More than 50 percent of Americans do not get enough physical activity to provide health benefits. For adults, thirty minutes of moderate physical activity on most, preferably all, days of the week is recommended. It doesn't take a lot of time or money, but it does take commitment. Start slowly, work up to a satisfactory level, and don't overdo it. You can develop one routine, or you can do something different every day. Find fun ways to stay in shape and feel good, such as dancing, gardening, cutting the grass, swimming, walking, or jogging.
Health concerns associated with smoking include cancer and lung disease. Smoking triples the
risk of dying from heart disease among those who are middle-aged. Second-hand smoke - smoke that you inhale when others smoke - also affects your health. If you smoke, quit today! Help lines, counseling, medications, and other forms of support are available to help you quit.
Get Appropriate Vaccinations
They're not just for kids. Adults need them too. Some vaccinations are for everyone. Others are recommended if you work in certain jobs, have certain lifestyles, travel to certain places, or have certain health conditions. Protect yourself from illness and disease by keeping up with your vaccinations.
Perhaps now more than ever before, job stress poses a threat to the health of workers and, in turn, to the health of organizations. Balancing obligations to your employer and your family can be challenging. What's your stress level today? Protect your mental and physical health by engaging in activities that help you manage your stress at work and at home.
Know Yourself and Your Risks
Your habits, work and home environments and lifestyle also help to define your health and your risks. You may be at an increased risk for certain diseases or conditions because of what you do, where you work, and how you play. Being healthy means doing some homework, knowing yourself, and knowing what's best for you.
Be Safe - Protect Yourself
What comes to mind when you think about safety and protecting yourself? Is it fastening seat belts, applying sunscreen, wearing helmets, or having smoke detectors? It's all of these and more. It's everything from washing your hands to watching your relationships. Did you know that men at work die most frequently from motor vehicle incidents, machine-related injuries, homicides, and falls? Take steps to protect yourself and others wherever you are.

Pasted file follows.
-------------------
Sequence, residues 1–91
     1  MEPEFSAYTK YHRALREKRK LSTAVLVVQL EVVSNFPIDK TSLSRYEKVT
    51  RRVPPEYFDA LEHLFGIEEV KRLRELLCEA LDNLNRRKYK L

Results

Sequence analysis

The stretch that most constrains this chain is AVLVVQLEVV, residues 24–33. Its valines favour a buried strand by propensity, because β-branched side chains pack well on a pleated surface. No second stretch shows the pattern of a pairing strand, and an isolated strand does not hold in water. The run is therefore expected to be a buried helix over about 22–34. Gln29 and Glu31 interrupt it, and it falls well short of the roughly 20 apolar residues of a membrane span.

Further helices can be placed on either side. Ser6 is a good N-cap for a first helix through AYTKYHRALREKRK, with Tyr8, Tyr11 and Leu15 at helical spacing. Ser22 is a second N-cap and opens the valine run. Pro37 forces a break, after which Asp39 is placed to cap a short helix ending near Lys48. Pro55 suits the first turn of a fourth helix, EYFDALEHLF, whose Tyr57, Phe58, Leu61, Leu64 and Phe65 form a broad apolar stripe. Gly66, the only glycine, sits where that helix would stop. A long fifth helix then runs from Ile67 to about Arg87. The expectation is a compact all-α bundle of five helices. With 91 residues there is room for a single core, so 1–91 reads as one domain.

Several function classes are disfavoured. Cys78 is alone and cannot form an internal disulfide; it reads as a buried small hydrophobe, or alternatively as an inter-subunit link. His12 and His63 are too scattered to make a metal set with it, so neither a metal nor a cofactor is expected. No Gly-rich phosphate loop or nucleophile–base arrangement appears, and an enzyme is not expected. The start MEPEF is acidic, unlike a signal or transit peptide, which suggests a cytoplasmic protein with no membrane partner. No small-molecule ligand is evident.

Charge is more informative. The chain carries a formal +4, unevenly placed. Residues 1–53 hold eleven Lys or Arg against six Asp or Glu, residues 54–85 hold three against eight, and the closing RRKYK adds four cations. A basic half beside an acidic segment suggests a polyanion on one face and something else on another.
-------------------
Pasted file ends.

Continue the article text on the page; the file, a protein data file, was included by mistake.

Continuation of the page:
Be Good to Yourself
Health is not merely the absence of disease; it's a lifestyle. Whether it is getting enough sleep, relaxing after a stressful day, or enjoying a hobby, it is important to take time to be good to yourself. Take steps to balance work, home, and play. Pay attention to your health, and make healthy living a part of your life.
The American Cancer Society encourages all men to get their age-appropriate cancer screenings. For more information about age appropriate cancer screenings, please contact the American Cancer Society at 1.800.227.2345 or visit on-line at www.cancer.org.
For uninsured Men
The Cancer Services Program of Ulster County provides colon, breast, and cervical cancer screenings to uninsured men and women in Ulster County. In observance of Men's Health Awareness Month, the program is offering free, in-home colon cancer screening kits to UNINSURED men between the ages of 50 and 64. Get your kit now by calling Cancer Services Program of Ulster County at (845) 339-7896, ext. 12.